There is a common misconception that only the Kevin O’Leary and David Thompsons of the world can get into the private lending business. With much of the category serving the commercial mortgage market, which is notoriously capital intensive, it is no surprise that many Canadians are under the assumption that they need to be tycoons to become private lenders.
This could not be further from the truth, however. Especially in more recent years, private credit has become not only institutionalized but also more mainstream among borrowers. According to a new CHMC report, MICs and private lenders held an estimated $10 billion in 2016, a number that rose to $13-$14 billion in 2018. Despite fewer mortgage originations, private credit also increased its market share to 1%; while that’s still a small figure in the context of the entire marketplace, private money is a fast-growing segment that is currently offering investors a great opportunity to participate early (and by “early” we mean before the category becomes oversaturated).
The investment vehicle has also become more straightforward and accessible with professional advisory, capital placement, and other assistive services now made available to investors who want to put their money to work. A firm like CLI, for example, delivers to various types of investors all the components (capital, access to borrowers, and a risk management strategy) needed to put mortgage lending in their portfolio.
The first and most obvious requirement is having access to capital for the purpose of lending out. Prudent investors choose to diversify their investments and in doing so diversify their risk.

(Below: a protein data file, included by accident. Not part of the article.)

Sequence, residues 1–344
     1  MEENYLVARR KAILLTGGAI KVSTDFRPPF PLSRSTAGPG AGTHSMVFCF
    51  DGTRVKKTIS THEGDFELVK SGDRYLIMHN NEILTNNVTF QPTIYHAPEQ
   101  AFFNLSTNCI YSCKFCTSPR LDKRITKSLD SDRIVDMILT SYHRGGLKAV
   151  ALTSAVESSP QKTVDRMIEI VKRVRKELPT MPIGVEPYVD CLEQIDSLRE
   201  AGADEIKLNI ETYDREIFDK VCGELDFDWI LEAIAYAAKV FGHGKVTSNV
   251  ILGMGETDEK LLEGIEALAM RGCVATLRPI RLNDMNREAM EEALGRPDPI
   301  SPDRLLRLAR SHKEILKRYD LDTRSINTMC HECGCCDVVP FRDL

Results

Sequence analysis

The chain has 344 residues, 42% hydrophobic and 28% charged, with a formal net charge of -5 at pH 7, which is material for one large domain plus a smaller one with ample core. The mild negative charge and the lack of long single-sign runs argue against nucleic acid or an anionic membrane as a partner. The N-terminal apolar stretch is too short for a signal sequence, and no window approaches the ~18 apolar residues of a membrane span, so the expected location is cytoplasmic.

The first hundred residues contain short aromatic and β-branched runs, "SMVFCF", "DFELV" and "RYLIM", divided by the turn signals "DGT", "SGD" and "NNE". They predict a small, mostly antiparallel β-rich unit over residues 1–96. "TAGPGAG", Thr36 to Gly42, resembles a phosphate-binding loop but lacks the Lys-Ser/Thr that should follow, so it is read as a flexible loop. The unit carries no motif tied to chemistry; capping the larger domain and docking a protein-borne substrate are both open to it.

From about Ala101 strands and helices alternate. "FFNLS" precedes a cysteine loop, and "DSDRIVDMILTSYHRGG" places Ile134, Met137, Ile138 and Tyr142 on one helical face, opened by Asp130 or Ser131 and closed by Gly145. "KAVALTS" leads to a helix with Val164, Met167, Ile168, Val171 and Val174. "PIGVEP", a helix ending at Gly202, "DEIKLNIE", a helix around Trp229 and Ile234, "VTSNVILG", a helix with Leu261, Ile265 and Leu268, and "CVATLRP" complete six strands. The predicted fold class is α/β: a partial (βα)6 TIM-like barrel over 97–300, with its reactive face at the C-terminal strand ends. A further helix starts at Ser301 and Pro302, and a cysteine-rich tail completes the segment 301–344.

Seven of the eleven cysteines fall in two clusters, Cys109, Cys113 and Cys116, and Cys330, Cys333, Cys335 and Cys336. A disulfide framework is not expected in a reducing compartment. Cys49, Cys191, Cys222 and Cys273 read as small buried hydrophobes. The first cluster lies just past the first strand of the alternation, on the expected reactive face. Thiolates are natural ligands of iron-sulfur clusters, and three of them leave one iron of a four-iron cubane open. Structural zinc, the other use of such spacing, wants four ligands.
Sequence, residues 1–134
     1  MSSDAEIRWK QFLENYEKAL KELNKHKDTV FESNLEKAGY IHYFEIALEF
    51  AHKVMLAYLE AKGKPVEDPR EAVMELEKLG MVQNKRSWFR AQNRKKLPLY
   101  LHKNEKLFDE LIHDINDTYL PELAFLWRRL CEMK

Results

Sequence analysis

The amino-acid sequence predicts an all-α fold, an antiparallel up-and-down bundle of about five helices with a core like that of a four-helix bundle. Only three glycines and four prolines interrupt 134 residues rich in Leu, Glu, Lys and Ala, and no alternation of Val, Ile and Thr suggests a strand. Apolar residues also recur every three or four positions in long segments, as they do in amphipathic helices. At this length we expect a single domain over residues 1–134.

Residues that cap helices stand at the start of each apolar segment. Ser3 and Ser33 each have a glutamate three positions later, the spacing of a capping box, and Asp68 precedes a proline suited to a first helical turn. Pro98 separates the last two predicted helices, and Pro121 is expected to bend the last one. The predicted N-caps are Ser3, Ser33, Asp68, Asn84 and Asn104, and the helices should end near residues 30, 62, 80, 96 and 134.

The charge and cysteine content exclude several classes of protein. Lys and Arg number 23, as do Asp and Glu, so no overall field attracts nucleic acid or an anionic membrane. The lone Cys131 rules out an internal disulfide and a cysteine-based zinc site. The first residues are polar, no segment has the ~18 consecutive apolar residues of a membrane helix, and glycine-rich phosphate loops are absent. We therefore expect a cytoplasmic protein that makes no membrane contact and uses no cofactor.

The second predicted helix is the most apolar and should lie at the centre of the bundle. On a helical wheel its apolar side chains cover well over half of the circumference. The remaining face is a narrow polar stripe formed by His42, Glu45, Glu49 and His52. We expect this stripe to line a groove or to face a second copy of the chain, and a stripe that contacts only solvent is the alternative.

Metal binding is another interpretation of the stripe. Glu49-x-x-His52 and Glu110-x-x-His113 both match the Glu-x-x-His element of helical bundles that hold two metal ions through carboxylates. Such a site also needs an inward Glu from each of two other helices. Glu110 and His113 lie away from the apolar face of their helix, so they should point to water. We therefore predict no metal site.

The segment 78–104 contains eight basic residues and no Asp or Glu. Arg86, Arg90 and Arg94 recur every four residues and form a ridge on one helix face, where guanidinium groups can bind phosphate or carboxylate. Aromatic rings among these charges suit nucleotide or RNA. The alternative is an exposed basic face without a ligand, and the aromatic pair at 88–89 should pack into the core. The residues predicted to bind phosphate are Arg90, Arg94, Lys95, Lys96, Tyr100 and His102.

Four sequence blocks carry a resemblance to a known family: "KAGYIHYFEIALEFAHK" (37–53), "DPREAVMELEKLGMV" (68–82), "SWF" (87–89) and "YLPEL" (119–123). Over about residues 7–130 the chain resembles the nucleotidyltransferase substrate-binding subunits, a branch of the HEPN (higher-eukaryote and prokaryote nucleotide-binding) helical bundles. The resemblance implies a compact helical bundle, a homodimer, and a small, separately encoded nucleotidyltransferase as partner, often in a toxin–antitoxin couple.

Advice on how much of one’s liquid funds should be allocated to private lending varies. Some say as much as 20%, and yet others stick to a 10% ceiling. The amount of capital one invests in private credit depends on numerous factors like one’s risk tolerance, cash flow, and fiscal objectives.
Thanks to a favourable lending environment and a more mature mortgage industry, investors now have several options for a spectrum of capital sizes. Those who want to divide their liquid capital across several allocations, for example, can park some of their money in MICs (Mortgage Investment Corporations), which pool funds from multiple investors. Others who have sufficient capital can also work with entities that serve as consulting intermediaries and underwriters.
Establishing a good reputation and building a network in the financial and real estate industries take time. Those getting into the business of private lending will find that one of the greatest challenges is finding non-subprime borrowers (i.e. borrowers with lower risk).
There is always a reason that traditional lenders, who usually offer lower interest rates, are off the table for some people. While this does not necessarily mean that these types of borrowers will be unable to meet their financial obligations, it does indicate the presence of additional risks, and an alternative creditor should still set borrowing criteria.